Another configuration I’ve struggled with is using the pillow with a Therm-a-Rest NeoAir XLite short (or torso) pad. My regular length XLite is long enough to place a pillow on top the pad, elevating my head. With a torso pad, the pillow must be placed at the head of the pad, flush with the ground. The elevation ends up being about the same as the pad (4.25" max thickness vs. 2.5" for the pad). This may actually be preferred by some, but it makes me feel like the blood is pooling in my head, especially lying on my side.
In using a torso length pad, I’ve had to prop stuff under the pillow. But the whole reason for going with a torso pad is to shave weight and space in a minimalist configuration, which by its very nature, doesn’t involve much excess for stashing under the pillow. It’s all part of the game of finding one’s balance between carried weight and comfort, I guess.
Maximum comfort with my pack stashed underneath the pillow and a full length pad.
Construction and Durability: I am exceedingly fond of the PXL fabric. It has a very soft feel against skin, along with a supple stretchiness, the effectiveness of which can’t be overstated. It makes for an ideal experience for an air pillow and I wish the regular PX was made out of it too.
The fabric is the same on both sides and feels very durable, not cheap. It is also pretty quiet when I shift around, unlike my sleeping pads and other pillows. If it has one fault, it’s that it holds odors…but so far only that insidious campfire smell. What piece of my gear doesn’t smell like that?During my testing I have not had any leaks or problems with the PXL. I haven’t been abusive to it (by sitting or lying on it around camp) but I don’t feel like I’ve babied it, either. It may be relevant to note that I have never had a pillow or sleeping pad develop a leak, so it would seem that I am pretty gentle on my gear, in general.
Klymit did NOT provide a patch kit with the pillow, but one was provided with their sleeping pad. It’s not a big deal to me, since after many inflatable sleeping gear purchases, I have a number of spare patch kits. But I do wonder how easy a patch would adhere to the material, given that it’s not as smooth but rather, has a micro-fuzz texture.
The pillow does of course come with its own stuff sack (which promptly went into a drawer somewhere). Lastly, for those wondering, the pillow is made in China and Klymit offers a lifetime warranty.
Conditions: I tested the PXL from October 2016 through January 2017. I used the pillow on six multi-day backpacking and kayaking trips, in conjunction with a range of shelters: hammock, tent, and tarp.I also used it a lot at home (slept on for a week straight!) and on a trans-country flight to Portland, Ore., and back. It works pretty decent as a regular pillow at home and really good as a travel pillow, given its pack-ability.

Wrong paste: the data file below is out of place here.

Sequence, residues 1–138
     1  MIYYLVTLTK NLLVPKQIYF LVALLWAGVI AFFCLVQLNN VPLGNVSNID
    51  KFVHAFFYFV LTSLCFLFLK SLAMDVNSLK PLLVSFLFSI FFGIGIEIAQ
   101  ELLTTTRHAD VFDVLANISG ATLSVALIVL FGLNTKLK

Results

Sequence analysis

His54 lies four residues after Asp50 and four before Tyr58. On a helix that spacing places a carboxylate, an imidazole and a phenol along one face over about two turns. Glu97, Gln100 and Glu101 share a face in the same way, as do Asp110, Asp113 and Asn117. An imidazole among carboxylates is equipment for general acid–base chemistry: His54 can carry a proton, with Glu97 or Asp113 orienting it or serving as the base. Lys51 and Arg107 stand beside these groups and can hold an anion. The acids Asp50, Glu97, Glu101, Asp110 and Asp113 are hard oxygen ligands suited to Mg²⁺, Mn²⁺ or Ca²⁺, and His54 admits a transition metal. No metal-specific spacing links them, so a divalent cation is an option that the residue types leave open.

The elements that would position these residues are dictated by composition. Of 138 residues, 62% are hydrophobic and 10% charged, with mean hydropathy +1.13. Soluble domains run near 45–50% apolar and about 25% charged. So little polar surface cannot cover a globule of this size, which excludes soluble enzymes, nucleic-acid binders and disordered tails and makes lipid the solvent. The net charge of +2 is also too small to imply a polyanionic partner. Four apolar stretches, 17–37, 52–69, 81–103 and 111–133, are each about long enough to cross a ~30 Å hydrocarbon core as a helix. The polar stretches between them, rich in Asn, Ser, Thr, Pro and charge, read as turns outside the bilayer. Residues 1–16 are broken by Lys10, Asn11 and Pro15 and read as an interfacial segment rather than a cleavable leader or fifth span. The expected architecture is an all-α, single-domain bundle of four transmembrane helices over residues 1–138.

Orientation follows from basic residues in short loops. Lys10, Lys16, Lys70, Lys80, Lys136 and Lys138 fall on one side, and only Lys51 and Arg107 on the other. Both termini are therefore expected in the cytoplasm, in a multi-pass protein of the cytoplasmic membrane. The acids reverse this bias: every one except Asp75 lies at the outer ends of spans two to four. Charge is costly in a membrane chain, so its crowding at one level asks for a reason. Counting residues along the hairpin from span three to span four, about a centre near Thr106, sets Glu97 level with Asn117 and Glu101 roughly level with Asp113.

Conclusion: The Klymit Pillow X Large is my top pick in inflatable pillows given its value and comfort and I would use it for all but the most super-ultralight of my expeditions.
For comparison, I have provided a list and specs of inflatable pillow products from Klymit, Exped, and Sea to Summit. This list is not exhaustive but offers an idea of how the PXL ‘stack’s up’ (pun intended) against the competition:
- Klymit Pillow X Large: 17 x 12 x 4.25", 3.2 oz, $29.95
- Klymit Pillow X: 15 x 11" x 4"; 1.95 oz, $24.95
- Exped M: 15 × 10.6 × 4.3"; 2.6 oz, $39.00
- Exped L: 18.1 × 11.8× 4.7"; 3.2 oz; $45.00
- Exped XL: 20.5 × 13.4 × 5.1"; 3.7 oz; $49.00
- Exped UL M: 15 × 10.6 × 3.9"; 1.6 oz, $45.00
- Exped UL L: 11.8 × 18.1 × 4.7"; 2.1 oz; $49.00
- STS Aeros Premium M: 13.4 x 9.4 x 4.3"; 2.8 oz, $42.95
- STS Aeros Premium L: 16.5 x 11.8 x 5.1"; 4 oz, $46.95
- STS Aeros UL M: 14.2 x 10.2 x 4.7"; 2.1 oz; $39.95
- STS Aeros UL L: 17.3 x 12.6 x 5.5", 2.5 oz, $42.95
- STS Aeros UL Deluxe: 23.5 x 16 x 5.5"; 4.6 oz, $49.95
Pillow does not hold air. Not good for long distance…
Source: bought it new
Price Paid: $24
Pillow does not hold air. Not good for long distance backpacking.
- Does not hold air for more than 5 minutes
I did due diligence in reviewing this pillow. The other pillow I have had for my long distance backpacking trips is great, but not large enough.
I decided to purchase this Klymit X Large Pillow for an eight-day backpacking trip. It arrived within four days. I immediately took it out of the package and proceeded to blow it up. It took four breaths to blow up. It held the air for a couple minutes, so I thought it was good and deflated.
The first night on the mountains, after five minutes the pillow lost 90 percent of its air. Blew more air into it, sealed good, and same thing happened again. I checked for leaks all over. Nothing found or any hissing noticed. Blew up again and same thing. This went on for three nights. I got of trail and will not use it again.
This item might be fine for casual use around the yard or a picnic, but if you're a serious outdoors person, spending many nights in the woods, do not waste money on this pillow.
over 100 nights in backcountry camping